High Strength Low Alloy Steel

Carbon-Manganese Steels (CMn) are a lower cost approach to reach up to approximately 280MPa yield strength, but are limited in ductility, toughness and welding.

Increasing carbon and manganese, along with alloying with other elements like chromium and silicon, will increase strength, but have the same challenges as CMn steels with higher cost. An example is AISI/SAE 4130, a chromium-molybdenum (chromoly) medium carbon alloy steel. A wide range of properties are available, depending on the heat treatment of formed components. Welding conditions must be carefully controlled.

The 1980s saw the commercialization of high-strength low-alloy (HSLA) steels. In contrast with alloy steels, HSLA steels achieved higher strength with a much lower alloy content. Lower carbon content and lower alloying content leads to increased ductility, toughness, and weldability compared with grades achieving their strength from only solid solution strengthening like CMn steels or from alloying like AISI/SAE 4130. Lower alloying and elimination of post-forming heat treatment makes HSLA steels an economical approach for many applications.

This steelmaking approach allows for the production of sheet steels with yield strength levels now approaching 800 MPa. HSLA steels increase strength primarily by micro-alloying elements contributing to fine carbide precipitation, substitutional and interstitial strengthening, and grain-size refinement. HSLA steels are found in many body-in-white and underbody structural applications where strength is needed for increased in-service loads.

These steels may be referred to as microalloyed steels, since the carbide precipitation and grain-size refinement is achieved with only 0.05% to 0.10% of titanium, vanadium, and niobium, added alone or in combination with each other.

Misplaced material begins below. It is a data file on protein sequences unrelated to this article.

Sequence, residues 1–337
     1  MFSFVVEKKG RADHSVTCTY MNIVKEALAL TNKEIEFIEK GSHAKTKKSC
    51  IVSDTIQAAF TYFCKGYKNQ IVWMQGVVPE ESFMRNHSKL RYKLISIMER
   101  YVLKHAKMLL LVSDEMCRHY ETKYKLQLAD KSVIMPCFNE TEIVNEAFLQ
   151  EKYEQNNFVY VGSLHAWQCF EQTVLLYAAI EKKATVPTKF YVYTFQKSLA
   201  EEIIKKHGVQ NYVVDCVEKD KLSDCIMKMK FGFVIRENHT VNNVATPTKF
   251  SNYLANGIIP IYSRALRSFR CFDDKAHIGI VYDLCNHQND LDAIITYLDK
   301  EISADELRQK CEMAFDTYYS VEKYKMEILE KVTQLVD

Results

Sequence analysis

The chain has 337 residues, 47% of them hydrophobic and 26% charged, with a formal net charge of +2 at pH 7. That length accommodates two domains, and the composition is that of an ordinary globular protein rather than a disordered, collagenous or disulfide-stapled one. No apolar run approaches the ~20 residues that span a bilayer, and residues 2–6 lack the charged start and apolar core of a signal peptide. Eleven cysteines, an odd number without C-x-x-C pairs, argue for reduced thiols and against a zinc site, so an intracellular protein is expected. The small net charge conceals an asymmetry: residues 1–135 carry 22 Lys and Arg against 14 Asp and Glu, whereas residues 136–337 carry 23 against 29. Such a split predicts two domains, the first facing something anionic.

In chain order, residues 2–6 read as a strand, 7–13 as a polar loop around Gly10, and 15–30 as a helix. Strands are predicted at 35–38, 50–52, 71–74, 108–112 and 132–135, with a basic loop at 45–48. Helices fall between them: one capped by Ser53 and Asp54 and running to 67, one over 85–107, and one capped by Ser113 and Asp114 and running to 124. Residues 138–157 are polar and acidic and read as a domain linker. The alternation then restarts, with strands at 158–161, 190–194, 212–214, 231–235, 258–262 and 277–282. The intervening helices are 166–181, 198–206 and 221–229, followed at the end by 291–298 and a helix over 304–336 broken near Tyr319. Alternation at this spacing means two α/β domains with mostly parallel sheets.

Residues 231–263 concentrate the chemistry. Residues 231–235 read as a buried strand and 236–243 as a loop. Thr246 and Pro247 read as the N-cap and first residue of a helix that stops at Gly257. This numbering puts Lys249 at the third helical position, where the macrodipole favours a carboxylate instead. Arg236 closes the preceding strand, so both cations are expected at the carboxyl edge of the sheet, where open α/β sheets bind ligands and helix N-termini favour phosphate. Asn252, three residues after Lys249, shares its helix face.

HSLA steels have a microstructure that is mostly precipitation-strengthened ferrite, with the amount of other constituents like pearlite and bainite being a function of the targeted strength level. More information about microstructural components is available here.

Some of the specifications describing uncoated cold rolled high strength low alloy (HSLA) steel are included below, with the grades typically listed in order of increasing minimum yield strength and ductility. Different specifications may exist which describe hot or cold rolled, uncoated or coated, or steels of different strengths. Many automakers have proprietary specifications which encompass their requirements.  Note that ASTM, EN and VDA terminology is based on minimum yield strength, while JIS and JFS standards are based on minimum tensile strength.  Also note that JIS G3135 does not explicitly state that these grades must be supplied with an HSLA chemistry.  A C-Mn approach is satisfactory as long as the mechanical property criteria are satisfied.

  • ASTM A1008M, with the terms HSLAS 45[310], 50[340], 55[380], 60[410], 65[450], and 70[480] along with HSLAS-F 50 [340], 60 [410], Grade 70 [480] and 80 [550]A-25
  • EN10268, with the terms HC260LA, HC300LA, HC340LA, HC380LA, HC420LA, HC460LA, and HC500LAD-5
  • JIS G3135, with the terms SPFC340, SPFC370, SPFC390, SPFC440, SPFC490, SPFC540, and SPFC590J-3
  • JFS A2001, with the terms JSC440R and JSC590RJ-23
  • VDA239-100, with the terms CR210LA, CR240LA, CR270LA, CR300LA, CR340LA, CR380LA, CR420LA, and CR460LAV-3